System Administration Guide: Network Services

Setting Access Lists With the share Command

In Solaris releases prior to 2.6, the accesslist that was included with either the -ro=, -rw=, or -root= option of the share command was restricted to a list of host names or netgroup names. Starting with the Solaris 2.6 release, the access list can also include a domain name, a subnet number, or an entry to deny access. These extensions should simplify file access control on a single server without having to change the namespace or maintain long lists of clients.

This command provides read-only access for most systems but allows read-write access for rose and lilac:

# share -F nfs -o ro,rw=rose:lilac /usr/src

In the next example, read-only access is assigned to any host in the eng netgroup. The client rose is specifically given read-write access.

# share -F nfs -o ro=eng,rw=rose /usr/src

Note –

You cannot specify both rw and ro without arguments. If no read-write option is specified, the default is read-write for all clients.

To share one file system with multiple clients, you must type all options on the same line. Multiple invocations of the share command on the same object “remember” only the last command that is run. This command enables read-write access to three client systems, but only rose and tulip are given access to the file system as root.

# share -F nfs -o rw=rose:lilac:tulip,root=rose:tulip /usr/src

When sharing a file system that uses multiple authentication mechanisms, ensure that you include the -ro, -ro=, -rw, -rw=, -root, and -window options after the correct security modes. In this example, UNIX authentication is selected for all hosts in the netgroup that is named eng. These hosts can only mount the file system in read-only mode. The hosts tulip and lilac can mount the file system read-write if these hosts use Diffie-Hellman authentication. With these options, tulip and lilac can mount the file system read-only even if these hosts are not using DH authentication. However, the host names must be listed in the eng netgroup.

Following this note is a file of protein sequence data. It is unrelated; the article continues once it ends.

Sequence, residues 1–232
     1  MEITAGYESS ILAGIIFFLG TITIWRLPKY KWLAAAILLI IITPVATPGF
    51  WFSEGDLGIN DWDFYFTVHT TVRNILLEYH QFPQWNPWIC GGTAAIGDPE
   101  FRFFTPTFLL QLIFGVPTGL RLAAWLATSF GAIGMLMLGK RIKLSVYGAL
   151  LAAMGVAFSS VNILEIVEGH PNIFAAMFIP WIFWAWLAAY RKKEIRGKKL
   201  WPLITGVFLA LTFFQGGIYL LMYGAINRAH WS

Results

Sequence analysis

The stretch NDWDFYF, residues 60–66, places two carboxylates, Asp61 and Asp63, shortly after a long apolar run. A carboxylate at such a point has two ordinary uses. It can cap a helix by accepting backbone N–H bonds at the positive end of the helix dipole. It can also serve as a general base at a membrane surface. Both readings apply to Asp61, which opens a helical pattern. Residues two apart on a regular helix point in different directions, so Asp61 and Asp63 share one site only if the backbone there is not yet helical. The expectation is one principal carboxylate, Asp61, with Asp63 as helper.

# share -F nfs -o sec=dh,rw=tulip:lilac,sec=sys,ro=eng /usr/src

Even though UNIX authentication is the default security mode, UNIX authentication is not included if the -sec option is used. Therefore, you must include a -sec=sys option if UNIX authentication is to be used with any other authentication mechanism.

You can use a DNS domain name in the access list by preceding the actual domain name with a dot. The string that follows the dot is a domain name, not a fully qualified host name. The following entry allows mount access to all hosts in the domain:

# share -F nfs -o /export/share/man

In this example, the single “.” matches all hosts that are matched through the NIS or NIS+ namespaces. The results that are returned from these name services do not include the domain name. The “” entry matches all hosts that use DNS for namespace resolution. DNS always returns a fully qualified host name. So, the longer entry is required if you use a combination of DNS and the other namespaces.

You can use a subnet number in an access list by preceding the actual network number or the network name with “@”. This character differentiates the network name from a netgroup or a fully qualified host name. You must identify the subnet in either /etc/networks or in an NIS or NIS+ namespace. The following entries have the same effect if the 192.168 subnet has been identified as the eng network:

# share -F nfs -o ro=@eng /export/share/man
# share -F nfs -o ro=@192.168 /export/share/man
# share -F nfs -o ro=@ /export/share/man

The last two entries show that you do not need to include the full network address.

If the network prefix is not byte aligned, as with Classless Inter-Domain Routing (CIDR), the mask length can be explicitly specified on the command line. The mask length is defined by following either the network name or the network number with a slash and the number of significant bits in the prefix of the address. For example:

# share -f nfs -o ro=@eng/17 /export/share/man
# share -F nfs -o ro=@192.168.0/17 /export/share/man

In these examples, the “/17” indicates that the first 17 bits in the address are to be used as the mask. For additional information about CIDR, look up RFC 1519.

You can also select negative access by placing a “-” before the entry. Note that the entries are read from left to right. Therefore, you must place the negative access entries before the entry that the negative access entries apply to:

# share -F nfs -o /export/share/man

This example would allow access to any hosts in the domain except the host that is named rose.